Western Ontario wardens set priorities

The Western Ontario Warden’s Caucus (WOWC) has set its priorities to focus on this year and in 2024.

The caucus wants to collaborate with federal and provincial politicians to address the housing crisis, the workforce shortage, as well as mental health, addictions, and homelessness.

WOWC Chair Glen McNeil said those issues were consistently identified as the primary concerns for small and rural municipalities in Western Ontario. He explained members of the caucus conducted extensive research and significant discussions over the past few months to determine the topics most in need of advocacy in Western Ontario.

He also stressed the importance of having the support of regional MPs and MPPs to further advocate on Parliament Hill and at Queen’s Park for their priorities.

“The WOWC members, along with the MPs and MPPs, agreed wholeheartedly on the importance and urgency of collaborating together on these critical issues, and speaking with one united voice on behalf of the 1.5 million residents we collectively represent,” added Chair McNeil.

When it comes to housing, the caucus continues to focus on increasing the supply of all types of housing so all residents in the region have a safe place to call home regardless of income level. They’re asking for a target number of new homes expected to be built in rural areas, and how the province will support needed infrastructure upgrades that go along with new housing. The caucus welcomes significant investment from both upper levels of government, but wants action after the Building Homes Faster Act removed municipal development charge revenue, which normally funds housing-enabling infrastructure. And the caucus needs details on the federal Housing Accelerator Fund, including specific funding and clarity on the definition of small and rural municipalities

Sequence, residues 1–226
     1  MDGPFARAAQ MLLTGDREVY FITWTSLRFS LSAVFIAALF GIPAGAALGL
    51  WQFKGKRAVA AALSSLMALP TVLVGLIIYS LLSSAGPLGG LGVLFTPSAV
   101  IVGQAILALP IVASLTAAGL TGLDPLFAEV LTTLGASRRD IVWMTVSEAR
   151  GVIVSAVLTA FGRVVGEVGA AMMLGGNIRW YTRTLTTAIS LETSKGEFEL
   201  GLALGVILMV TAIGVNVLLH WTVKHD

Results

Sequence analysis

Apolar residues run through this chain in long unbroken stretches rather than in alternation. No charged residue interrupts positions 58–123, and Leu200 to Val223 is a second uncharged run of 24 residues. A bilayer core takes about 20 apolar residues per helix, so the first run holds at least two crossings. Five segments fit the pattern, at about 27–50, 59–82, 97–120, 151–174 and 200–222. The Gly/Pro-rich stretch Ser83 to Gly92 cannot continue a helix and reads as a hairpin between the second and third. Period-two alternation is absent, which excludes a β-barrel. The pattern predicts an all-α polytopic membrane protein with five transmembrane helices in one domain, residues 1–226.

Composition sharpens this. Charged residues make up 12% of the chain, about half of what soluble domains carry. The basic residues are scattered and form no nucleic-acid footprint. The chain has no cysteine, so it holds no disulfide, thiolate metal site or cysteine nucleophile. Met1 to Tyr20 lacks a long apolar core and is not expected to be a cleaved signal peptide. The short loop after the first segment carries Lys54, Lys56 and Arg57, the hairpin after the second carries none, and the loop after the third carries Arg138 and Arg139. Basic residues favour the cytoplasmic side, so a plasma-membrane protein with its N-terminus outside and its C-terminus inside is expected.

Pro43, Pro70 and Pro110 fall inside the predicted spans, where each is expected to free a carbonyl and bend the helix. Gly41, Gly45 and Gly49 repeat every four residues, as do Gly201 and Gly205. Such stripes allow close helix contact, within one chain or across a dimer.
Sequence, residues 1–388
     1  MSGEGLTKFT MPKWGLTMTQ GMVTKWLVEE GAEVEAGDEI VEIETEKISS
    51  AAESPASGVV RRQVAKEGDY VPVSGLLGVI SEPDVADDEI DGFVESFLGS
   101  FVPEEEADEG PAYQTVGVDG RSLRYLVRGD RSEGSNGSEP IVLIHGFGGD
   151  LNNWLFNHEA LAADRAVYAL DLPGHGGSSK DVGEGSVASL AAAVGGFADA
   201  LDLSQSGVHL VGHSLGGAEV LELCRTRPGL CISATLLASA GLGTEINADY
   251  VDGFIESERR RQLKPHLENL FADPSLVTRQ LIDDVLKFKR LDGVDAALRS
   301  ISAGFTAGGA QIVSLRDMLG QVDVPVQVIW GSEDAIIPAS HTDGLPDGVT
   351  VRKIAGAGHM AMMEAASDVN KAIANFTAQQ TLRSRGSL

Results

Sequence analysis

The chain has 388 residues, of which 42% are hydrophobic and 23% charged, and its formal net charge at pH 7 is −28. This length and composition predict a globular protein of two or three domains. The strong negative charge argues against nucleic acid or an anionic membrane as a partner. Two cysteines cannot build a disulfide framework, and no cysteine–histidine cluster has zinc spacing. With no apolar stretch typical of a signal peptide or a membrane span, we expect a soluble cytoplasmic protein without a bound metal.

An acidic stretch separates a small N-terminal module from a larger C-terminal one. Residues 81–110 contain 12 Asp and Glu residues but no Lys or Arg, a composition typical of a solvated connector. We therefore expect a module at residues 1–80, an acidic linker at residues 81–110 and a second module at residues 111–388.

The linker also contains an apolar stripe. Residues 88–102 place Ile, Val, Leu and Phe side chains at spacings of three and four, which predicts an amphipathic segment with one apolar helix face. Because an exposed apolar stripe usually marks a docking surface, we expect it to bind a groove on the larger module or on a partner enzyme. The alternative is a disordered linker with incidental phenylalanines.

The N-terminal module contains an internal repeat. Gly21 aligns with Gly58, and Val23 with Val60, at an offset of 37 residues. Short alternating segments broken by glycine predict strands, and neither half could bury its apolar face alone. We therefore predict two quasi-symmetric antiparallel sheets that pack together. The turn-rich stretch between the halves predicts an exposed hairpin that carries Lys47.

The Western Ontario Workforce Strategy predicts there will be an estimated 214,000 jobs to be filled across the region between now and 2030. So they want a faster transition for temporary foreign workers to become permanent residents, along with additional training for skilled trades for residents already living in the region.

McNeil pointed out mental health, addictions, and  homelessness are putting unprecedented strains on vulnerable populations and the health care network in our small and rural municipalities, but have fewer resources that urban areas to tackle the growing crisis.  The caucus wants specific and increased funding for small and rural communities to tackle these issues.

“The WOWC looks forward to continuing this important work through its significant research and ongoing collaboration with regional stakeholders, including directly with MPs and MPPs,” concluded WOWC Vice-Chair Wade Mills. “With our collective regional power, and the commitment from our federal and provincial partners, we can advocate and collaborate on these key priorities at multiple levels and find much-needed solutions for our residents and our communities.”

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